Glamour Garnet

by Jessye Scott

“The trick to making the perfect paper plane,” Rafaella said, “is to always fold the wings twice on both sides. Fold down, then up. You’ll never miss your target that way, promise.”

“You said only babies play with paper,” Carmen said as she slid the latex gloves over her hands. Two plastic bottles sat in the bathroom sink.

Rafaella smacked her gum. “How do you remember one thing I said forever ago but you couldn’t leave the door unlocked for me last night? Just do what I tell you. Trust me. I’m never wrong about these things.”

Carmen rolled her eyes before twisting the caps off the bottles. Hydrogen peroxide hit the room and the sisters scrunched their noses into little balls. If Mom had been around, she would have reminded them how unattractive that look was.

“You have the smallest fingers I’ve ever seen,” said Rafaella, looking at her own chipped black nails. The fluorescent lights washed their pretty sun-kissed skin into a graying yellow pallor. “I don’t think they’ll ever be as big as mine.” Her feet tapped against the bathroom’s cold tile.

Carmen dyed hair and Rafaella gave advice. That had been their ritual since Rafaella started high school. She insisted on a different color for every new boyfriend—all without a single friend to help evenly distribute the dye across her roots. Carmen, for her part, felt older when she could share her big sister’s advice at recess. She was never more aware of the six years between them than when Rafaella smacked her gum between thoughts.

Tonight would be the night of Glamour Garnet. It was one of those name-brand boxes they couldn’t really afford, but there had been a coupon for it in Sunday’s paper. Rafaella told Carmen the night of the terrible Platinum Peach bleaching incident that if she woke up early enough, she could get to the neighbor’s morning paper before they did.

Carmen parted the hair with salon-style precision, pulling it into a beehive to section off the bottom layer. She propped herself up on her toes and brushed dye across the strands gently; they felt heavier in the past few months, twine-like, but Rafaella refused to rest. She had just gotten back with Martin, despite Carmen’s reservations, and he loved redheads.

“Nail polish is hell to get off a carpet,” Rafaella said. “Blood is much easier, a little cold water and it comes right out. If you see a red stain on the floor, pray for blood.”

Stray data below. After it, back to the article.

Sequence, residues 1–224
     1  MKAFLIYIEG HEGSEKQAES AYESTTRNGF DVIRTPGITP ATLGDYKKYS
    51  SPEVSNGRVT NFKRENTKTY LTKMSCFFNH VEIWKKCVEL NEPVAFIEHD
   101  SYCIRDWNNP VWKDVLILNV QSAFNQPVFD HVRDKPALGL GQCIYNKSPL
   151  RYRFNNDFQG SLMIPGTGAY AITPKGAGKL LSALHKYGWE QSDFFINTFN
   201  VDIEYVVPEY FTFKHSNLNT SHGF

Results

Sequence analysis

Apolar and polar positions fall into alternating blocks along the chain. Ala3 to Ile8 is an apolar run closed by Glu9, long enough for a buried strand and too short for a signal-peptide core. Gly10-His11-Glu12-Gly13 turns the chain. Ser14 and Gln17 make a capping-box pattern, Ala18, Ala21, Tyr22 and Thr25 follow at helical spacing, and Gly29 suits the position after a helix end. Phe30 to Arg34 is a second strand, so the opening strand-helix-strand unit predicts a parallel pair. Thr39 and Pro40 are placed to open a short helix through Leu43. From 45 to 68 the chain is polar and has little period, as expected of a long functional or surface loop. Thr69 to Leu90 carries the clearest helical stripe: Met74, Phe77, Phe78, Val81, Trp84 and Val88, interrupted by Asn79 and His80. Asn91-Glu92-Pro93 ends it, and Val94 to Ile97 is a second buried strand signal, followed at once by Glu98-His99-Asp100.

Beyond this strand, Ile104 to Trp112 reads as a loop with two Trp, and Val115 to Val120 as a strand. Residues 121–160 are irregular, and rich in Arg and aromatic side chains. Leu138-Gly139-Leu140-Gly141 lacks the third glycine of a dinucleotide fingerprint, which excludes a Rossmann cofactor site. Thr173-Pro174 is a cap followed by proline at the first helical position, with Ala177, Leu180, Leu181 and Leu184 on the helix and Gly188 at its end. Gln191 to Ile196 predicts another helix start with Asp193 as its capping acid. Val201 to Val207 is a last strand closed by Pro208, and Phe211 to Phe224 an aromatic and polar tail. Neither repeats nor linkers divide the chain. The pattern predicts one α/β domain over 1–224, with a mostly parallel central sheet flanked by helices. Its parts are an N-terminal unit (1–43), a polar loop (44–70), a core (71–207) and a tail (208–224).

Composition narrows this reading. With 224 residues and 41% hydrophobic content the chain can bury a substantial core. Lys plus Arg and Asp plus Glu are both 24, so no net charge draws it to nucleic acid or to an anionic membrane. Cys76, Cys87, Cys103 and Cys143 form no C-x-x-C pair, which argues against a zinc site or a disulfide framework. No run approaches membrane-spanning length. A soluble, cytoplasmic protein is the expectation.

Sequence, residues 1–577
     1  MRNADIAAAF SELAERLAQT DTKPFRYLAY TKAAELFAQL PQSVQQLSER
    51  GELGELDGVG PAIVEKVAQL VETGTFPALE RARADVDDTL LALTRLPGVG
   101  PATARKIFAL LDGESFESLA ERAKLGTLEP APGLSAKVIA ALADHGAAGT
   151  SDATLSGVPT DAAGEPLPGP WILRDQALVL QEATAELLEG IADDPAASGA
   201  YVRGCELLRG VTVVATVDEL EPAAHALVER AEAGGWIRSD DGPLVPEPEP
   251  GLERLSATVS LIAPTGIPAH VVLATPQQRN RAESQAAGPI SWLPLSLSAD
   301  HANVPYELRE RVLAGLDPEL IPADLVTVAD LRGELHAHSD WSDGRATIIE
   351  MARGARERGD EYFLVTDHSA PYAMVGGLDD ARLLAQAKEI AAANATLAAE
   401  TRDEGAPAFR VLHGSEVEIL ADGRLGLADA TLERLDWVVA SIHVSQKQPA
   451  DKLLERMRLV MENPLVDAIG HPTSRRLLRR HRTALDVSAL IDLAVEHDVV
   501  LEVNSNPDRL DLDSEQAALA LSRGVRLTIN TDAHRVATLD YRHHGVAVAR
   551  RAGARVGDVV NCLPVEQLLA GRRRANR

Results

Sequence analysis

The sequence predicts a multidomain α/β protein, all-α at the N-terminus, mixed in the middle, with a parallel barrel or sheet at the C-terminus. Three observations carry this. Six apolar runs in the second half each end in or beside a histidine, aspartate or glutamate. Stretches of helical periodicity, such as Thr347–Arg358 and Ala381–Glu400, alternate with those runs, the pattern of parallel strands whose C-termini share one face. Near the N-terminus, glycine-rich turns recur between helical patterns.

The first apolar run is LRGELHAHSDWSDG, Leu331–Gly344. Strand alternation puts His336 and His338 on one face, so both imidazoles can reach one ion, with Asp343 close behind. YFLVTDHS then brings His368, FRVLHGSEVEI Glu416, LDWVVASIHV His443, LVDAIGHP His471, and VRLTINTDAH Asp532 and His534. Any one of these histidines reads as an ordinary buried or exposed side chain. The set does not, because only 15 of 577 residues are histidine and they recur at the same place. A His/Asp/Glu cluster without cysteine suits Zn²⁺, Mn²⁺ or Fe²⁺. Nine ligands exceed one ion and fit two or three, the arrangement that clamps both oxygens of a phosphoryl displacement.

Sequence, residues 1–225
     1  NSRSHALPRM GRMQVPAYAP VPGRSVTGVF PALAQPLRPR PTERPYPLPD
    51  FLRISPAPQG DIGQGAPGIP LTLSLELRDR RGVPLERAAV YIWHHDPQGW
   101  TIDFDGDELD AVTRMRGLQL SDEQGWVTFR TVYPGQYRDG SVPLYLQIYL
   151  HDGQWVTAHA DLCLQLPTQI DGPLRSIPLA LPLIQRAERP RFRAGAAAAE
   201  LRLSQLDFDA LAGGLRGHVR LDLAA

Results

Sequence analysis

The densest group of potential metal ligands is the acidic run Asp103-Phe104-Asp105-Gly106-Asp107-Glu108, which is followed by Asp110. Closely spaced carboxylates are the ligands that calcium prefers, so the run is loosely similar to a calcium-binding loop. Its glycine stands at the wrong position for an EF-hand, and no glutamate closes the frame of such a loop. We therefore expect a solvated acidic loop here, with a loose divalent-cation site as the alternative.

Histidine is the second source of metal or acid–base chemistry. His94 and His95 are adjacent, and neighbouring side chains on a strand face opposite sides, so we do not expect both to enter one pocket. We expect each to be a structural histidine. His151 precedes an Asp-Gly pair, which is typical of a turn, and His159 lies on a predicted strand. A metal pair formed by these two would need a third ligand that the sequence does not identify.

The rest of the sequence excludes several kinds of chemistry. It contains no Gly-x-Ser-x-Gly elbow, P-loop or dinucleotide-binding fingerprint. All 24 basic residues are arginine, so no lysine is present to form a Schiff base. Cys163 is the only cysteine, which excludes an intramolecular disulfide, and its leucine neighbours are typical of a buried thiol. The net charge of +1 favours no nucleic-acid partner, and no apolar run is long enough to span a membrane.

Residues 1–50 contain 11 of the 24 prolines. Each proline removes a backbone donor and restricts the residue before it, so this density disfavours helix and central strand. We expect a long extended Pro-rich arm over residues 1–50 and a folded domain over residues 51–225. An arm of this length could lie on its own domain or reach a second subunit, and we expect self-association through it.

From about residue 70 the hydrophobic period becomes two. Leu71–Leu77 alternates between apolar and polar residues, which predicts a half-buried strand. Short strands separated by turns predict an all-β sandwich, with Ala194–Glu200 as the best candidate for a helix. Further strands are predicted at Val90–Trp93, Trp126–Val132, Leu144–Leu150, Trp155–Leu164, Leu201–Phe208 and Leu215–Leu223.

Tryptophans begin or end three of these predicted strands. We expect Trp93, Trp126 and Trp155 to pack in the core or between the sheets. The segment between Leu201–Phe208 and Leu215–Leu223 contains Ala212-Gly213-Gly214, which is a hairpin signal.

Carmen was worried that the color wouldn’t hold after blackening Rafaella’s hair months ago with Midnight Maiden. When Martin first came around they had used Scarlett Fever—it took two boyfriends and three dyes to erase him. “Remember how Barbie Blonde only stuck to your roots,” she said, and Rafaella laughed because that was months ago and she was much more mature now.

“When you’re too poor for nice lipstick—because life isn’t fair—mix Vaseline with eye-shadow. It doesn’t taste good but it’s enough.”

Carmen tugged on a hair clip and a small clump of hair fell to the ground. Wordlessly, she kicked it into a dusty corner.

“If you don’t get enough sleep, put two spoons in the freezer. When they’re cold enough you can drag them over the bags under your eyes.”

The latex gloves were sliding off her fingers, but Carmen didn’t want to interrupt Rafaella’s lessons. She slipped the gloves off between strands and pushed them into the back pocket of her hand-me-down denim shorts.

“On bad days, wash your hair. Use the expensive shampoo that Mom hides under her sink. Mix a little water in the bottle after and she won’t notice anything.”

When the dye had set, Rafaella stripped down to her underwear and leaned forward until her head touched the bottom of the bathtub. Carmen rinsed cold water through the hair, massaging gently, praying that no more would fall away. Tonight the water was tomato juice, splashing against the eggshell edges of the tub.

“Always keep a list of the boys you fall in love with,” Rafaella instructed against the porcelain. “There’s nothing worse than feeling like you can’t remember someone who was once important to you.”

“Who’s on your list?” Carmen said, grabbing a towel and wrapping it around the wet hair.

“Never answer that question. The people you love will someday become a part of you.”

When Rafaella’s hair stopped dripping they watched the crimson tide tumble from the towel, bleeding out as if the girls had burnt cherry juice at the bottom of a pan and scraped it onto her scalp. “You’re a natural at this. There’s nothing left to teach you,” she said, kissing Carmen on the cheek. “Did Mom say when she’d get back?”

“Sometime in the morning, maybe,” Carmen said. She leaned against the bathroom sink and turned on the faucet.

“Am I supposed to babysit all night?” Rafaella called back while walking out towards their shared bedroom. “Martin wants to take me out. You’ll be fine for a couple hours, right? You’re not a little kid.”

The water was rushing out too loudly to hear. The red dye had stained Carmen’s fingers worse than Strawberry Fields, but nowhere as deeply as Starry Night. Rafaella always laughed the next day when she saw Carmen’s tainted hands, asking if they were learning to paint in school, as if she didn’t remember the night before.

Jessye Scott is a creative writing major at Florida State University. She is currently working on a collection of short stories and regularly updates her blog at